Given these insights and the fact that learning mean functions poses a less constrained problem than kernel learning, we propose that mean functions are a better and more natural choice than kernels for meta-learning in GPs under certain conditions. We will empirically validate this statement in the experimental section (Sec. 4).

3.2 On the risk of overfitting in GP prior learning

Optimizing hyperparameters in machine learning models always brings about a certain risk of overfitting. The extent of this risk depends on the data set on which different hyperparameters are compared, on the objective function that is optimized, and on the procedure that is used to optimize this function.

One of the most principled ways of choosing the hyperparameters of the GP prior is Bayesian model selection [26]

. Bayesian model selection chooses the hyperparameters according to their posterior probabilities given the data. These probabilities can be computed as

(6)

where the denominator is given by

(7)

Instead of this maximum a posteriori (MAP) inference over

, practitioners often resort to a maximum likelihood estimate (MLE) for reasons of tractability, by optimizing the likelihood term in the numerator of Equation (

6) with respect to . Note that the negative logarithm of this term is exactly the LML from Equation (2).

For the GP model from Equation (4), the LML can be computed in closed form [26] as

(8)

with hyperparameters and where denotes the determinant of matrix .

It is evident that this LML naturally decomposes into three terms. The first term depends on the kernel parameters, the mean function parameters, and the data. It can be seen as measuring the goodness-of-fit of the model to the data. The second term only depends on the kernel parameters and can be seen as a complexity penalty. The third term normalizes the likelihood and is constant with respect to the data and the parameters.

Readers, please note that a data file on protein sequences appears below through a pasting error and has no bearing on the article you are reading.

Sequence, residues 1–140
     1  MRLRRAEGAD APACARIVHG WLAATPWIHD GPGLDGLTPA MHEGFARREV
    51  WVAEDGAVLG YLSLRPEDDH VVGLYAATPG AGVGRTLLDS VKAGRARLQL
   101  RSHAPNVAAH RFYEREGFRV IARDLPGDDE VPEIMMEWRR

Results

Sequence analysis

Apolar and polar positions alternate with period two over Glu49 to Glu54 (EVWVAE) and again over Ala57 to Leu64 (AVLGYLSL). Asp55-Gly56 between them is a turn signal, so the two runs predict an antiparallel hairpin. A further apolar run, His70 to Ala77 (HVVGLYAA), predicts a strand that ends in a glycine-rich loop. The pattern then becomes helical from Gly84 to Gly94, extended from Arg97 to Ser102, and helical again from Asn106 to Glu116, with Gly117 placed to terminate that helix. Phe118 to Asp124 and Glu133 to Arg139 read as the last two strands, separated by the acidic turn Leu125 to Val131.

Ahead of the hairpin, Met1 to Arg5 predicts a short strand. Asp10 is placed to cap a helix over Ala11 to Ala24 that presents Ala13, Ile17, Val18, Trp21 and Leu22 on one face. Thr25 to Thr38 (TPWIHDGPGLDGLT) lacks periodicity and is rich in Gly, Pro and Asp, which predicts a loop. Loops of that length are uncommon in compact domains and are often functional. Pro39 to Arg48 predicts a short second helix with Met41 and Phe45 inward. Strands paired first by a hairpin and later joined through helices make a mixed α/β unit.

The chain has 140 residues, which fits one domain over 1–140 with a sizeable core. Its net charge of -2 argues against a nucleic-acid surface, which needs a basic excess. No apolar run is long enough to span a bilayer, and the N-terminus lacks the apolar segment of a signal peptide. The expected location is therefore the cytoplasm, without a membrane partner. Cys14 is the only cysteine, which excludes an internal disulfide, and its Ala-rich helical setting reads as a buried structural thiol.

Notice that this objective function contains an automatic tradeoff between data-fit and model complexity when it comes to the kernel parameters, but it does not contain any complexity penalty on the mean function parameters. Optimizing the mean function parameters w.r.t. the LML directly on the training data can therefore lead to overfitting [c.f. 17]. It has been noted that even for the kernel parameters, the penalty term might sometimes not be strong enough to consistently avoid overfitting [26], even though this effect can be additionally combated with regularization [22, 6].

In this work, we hence refrain entirely from optimizing any parameters using the LML on the target training data , and only optimize the parameters on the meta-tasks . Thus, there is no way for the training data of the target task to inform the GP prior and therefore no possibility of overfitting to the training data. Our GP prior is still a strict prior in the Bayesian sense, that is, it describes our belief about the target task before actually seeing the data.

While overfitting to the is impossible in our setting, it is quite possible to overfit to the meta-tasks . Such overfitting could lead to an increase in generalization error and therefore a lower performance on the target task, rendering the learned prior less informative. In this work, we perform the meta-learning on sufficiently heterogeneous meta-task sets , such that the optimization procedure (Alg. 1) is less prone to overfit on any single